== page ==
MUNICH – The euro’s current weakness has one culprit: Greece. At 14% of GDP, Greece’s latest current-account deficit was the largest of the euro-zone countries after Cyprus. Its debt-to-GDP ratio stood at 113% by the end of 2009. As this year’s deficit is projected to be more than 12% of a shrinking GDP, the debt-to-GDP ratio will soar above 125% by the end of 2010, the highest in the euro zone.
Investors have reacted by trying to get out of the euro and, in particular, steer clear of Greek government debt. Greece had to offer them increasingly higher interest rates to stay put. In January, the interest premium was 2.73 percentage points relative to German public debt. If this premium prevails, Greece will have to pay €7.4 billion more in interest per year on its €271 billion debt than it would have to pay at the German rate.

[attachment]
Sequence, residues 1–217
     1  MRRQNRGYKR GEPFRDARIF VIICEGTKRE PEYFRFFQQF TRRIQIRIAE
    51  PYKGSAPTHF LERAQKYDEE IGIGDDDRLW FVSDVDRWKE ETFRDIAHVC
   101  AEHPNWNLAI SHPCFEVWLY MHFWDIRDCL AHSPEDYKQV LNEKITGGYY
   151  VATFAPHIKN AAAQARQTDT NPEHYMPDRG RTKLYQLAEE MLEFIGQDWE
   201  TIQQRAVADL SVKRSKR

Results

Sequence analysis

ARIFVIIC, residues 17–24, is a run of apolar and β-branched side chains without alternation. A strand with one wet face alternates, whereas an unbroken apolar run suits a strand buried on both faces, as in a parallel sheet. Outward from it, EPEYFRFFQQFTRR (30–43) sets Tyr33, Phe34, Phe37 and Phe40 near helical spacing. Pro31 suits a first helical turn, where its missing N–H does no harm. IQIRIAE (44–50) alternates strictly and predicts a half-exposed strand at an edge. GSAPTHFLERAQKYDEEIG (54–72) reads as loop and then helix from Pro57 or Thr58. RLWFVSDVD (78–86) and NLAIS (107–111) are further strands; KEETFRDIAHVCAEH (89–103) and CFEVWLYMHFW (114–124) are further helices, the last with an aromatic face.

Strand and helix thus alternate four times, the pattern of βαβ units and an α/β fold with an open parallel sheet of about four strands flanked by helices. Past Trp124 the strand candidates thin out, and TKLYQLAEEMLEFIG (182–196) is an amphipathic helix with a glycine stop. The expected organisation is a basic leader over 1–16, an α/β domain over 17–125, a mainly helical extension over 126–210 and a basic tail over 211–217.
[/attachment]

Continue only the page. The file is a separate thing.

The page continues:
The problem is not only the premium itself, but the imminent risk that Greece will not be able to find the €53 billion it needs to service its debt falling due in 2010, let alone the estimated additional €30 billion to finance the new debt resulting from its projected budget deficit.
The Greek disaster was possible because its government deceived its European partners for years with faked statistics. In order to qualify for the euro, the Greek government asserted that its budget deficit stood at 1.8% of GDP in 1999 – well below the 3%-of-GDP limit set by the Maastricht Treaty.